Connecting people with nature in Ontario's Mississippi Valley

MVFN Bluebird Houses Ready for Spring 2011 Occupancy

MVFN Bluebird Houses Ready for Spring 2011 Occupancy

Poster notice with photos of the Peterson bluebird houses and volunteers at work – pdf  

By Cliff Bennett

Shades of Santa’s workshop or maybe the Easter Bunny! Over a dozen members and friends gathered at a workshop on Ramsay Conc. 8 on Saturday, March 19 to assemble over two hundred Peterson oval bluebird boxes as part of MVFN’s Habitat Creation Program led once again by our Past President Mike McPhail. This is the third year we have manufactured these specialized habitats for our Eastern bluebird population.

photo by Mike McPhail

The workshop was busy most of the day, with each person taking on one part of the eight-step assembly line process. The assembly teams included Craig Athrens, Susan Athrens, Carol Walsworth, Rob Walsworth, John Willis, Joel Byrne, Pip Winters, Al Potvin, Sue McPhail, Mike McPhail, Mike Macpherson, Parthy Chandrasekaran, Peggy McPhail, Betty Parent, Howard Robinson, Mary Robinson, Sylvie Frenette, and Dave Hurd. All parts were pre-cut and drilled by MVFN members Al Potvin and Pip Winters over the winter months. Lumber for the boxes was donated by Jesse Lance and Gord Pike. Refreshments were supplied by Peggy McPhail.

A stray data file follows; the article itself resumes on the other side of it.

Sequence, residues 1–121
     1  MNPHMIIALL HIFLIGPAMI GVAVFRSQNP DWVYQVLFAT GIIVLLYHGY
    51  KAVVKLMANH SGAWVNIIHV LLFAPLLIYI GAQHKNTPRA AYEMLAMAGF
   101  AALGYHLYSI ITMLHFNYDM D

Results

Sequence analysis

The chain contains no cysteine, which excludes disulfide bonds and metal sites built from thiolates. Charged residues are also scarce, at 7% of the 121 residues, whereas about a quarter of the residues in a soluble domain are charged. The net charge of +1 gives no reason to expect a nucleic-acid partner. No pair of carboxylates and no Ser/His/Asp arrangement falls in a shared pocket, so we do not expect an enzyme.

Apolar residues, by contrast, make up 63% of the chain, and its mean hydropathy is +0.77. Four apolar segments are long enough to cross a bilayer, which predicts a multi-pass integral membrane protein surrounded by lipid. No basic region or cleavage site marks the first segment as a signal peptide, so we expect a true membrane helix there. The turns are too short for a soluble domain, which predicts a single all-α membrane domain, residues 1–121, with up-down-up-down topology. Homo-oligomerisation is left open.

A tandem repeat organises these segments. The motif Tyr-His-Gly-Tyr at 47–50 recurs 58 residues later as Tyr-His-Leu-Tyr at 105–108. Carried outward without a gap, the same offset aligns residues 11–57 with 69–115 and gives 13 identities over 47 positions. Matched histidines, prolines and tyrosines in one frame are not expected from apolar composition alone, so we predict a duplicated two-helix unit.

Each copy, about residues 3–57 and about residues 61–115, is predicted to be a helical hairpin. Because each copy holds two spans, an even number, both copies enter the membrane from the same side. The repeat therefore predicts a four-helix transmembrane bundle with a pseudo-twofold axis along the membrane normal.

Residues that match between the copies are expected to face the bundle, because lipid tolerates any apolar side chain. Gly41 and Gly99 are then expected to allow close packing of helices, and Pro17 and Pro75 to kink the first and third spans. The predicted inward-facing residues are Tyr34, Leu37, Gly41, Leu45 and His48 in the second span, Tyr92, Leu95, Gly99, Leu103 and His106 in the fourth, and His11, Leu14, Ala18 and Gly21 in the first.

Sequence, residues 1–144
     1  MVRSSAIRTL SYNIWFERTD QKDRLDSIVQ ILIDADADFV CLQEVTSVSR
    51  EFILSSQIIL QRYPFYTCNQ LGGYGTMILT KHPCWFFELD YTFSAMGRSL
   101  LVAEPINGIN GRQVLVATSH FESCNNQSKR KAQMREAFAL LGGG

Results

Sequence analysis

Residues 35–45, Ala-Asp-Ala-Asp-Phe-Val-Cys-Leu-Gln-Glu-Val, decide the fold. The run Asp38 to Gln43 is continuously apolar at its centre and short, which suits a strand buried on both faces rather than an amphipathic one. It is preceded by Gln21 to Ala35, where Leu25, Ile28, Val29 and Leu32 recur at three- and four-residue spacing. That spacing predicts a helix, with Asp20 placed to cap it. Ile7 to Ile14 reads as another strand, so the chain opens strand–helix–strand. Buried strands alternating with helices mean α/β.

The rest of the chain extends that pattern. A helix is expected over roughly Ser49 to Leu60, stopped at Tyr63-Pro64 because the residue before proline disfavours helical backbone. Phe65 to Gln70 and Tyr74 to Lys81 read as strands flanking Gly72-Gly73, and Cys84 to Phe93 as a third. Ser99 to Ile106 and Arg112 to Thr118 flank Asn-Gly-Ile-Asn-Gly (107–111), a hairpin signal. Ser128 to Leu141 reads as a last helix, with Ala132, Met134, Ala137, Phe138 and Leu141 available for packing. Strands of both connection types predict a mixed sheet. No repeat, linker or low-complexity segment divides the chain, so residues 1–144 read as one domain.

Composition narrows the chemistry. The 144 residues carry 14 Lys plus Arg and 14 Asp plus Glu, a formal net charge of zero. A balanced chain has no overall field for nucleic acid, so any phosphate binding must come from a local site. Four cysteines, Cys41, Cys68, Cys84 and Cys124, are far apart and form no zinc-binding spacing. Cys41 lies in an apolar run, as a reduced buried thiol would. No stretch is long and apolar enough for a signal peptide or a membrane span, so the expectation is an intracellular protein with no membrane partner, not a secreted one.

Studies show the Peterson oval design is more user-friendly to the Eastern bluebird because of its sloped form, easy access to cleaning, and protective structure to shelter the bird during severe weather. The import from Europe of the starling and the English house sparrow in the latter part of the nineteenth century saw these cavity dwellers take over much of the available nesting holes that the bluebirds needed. Man’s intervention with man-made bluebird nesting homes has helped greatly to re-establish these beautiful songbirds into our area.

Now that the pallets full of boxes are completed, the houses are ready for sale and installation. Hopefully many will be sold to property owners who have space to establish a bluebird trail. Other rural applications are possible, including within and around a series of apple trees, the birds’ favourite habitat. Bluebird boxes should be mounted in pairs, about ten to twelve feet apart. Aggressive tree swallows often take over one box but won’t tolerate another family of swallows nearby. However, they have no issues with bluebirds.

MVFN now has the bluebird boxes for sale at $18 each. The box includes a packet of mounting screws and an instruction sheet. You can buy these at any of our MVFN functions such as the lecture series or by contacting Mike McPhail at 613-256-7211 or . Proceeds of sales will go to MVFN’s Habitat Creation Program and the MVFN Cliff Bennett Nature Bursary Award Program.

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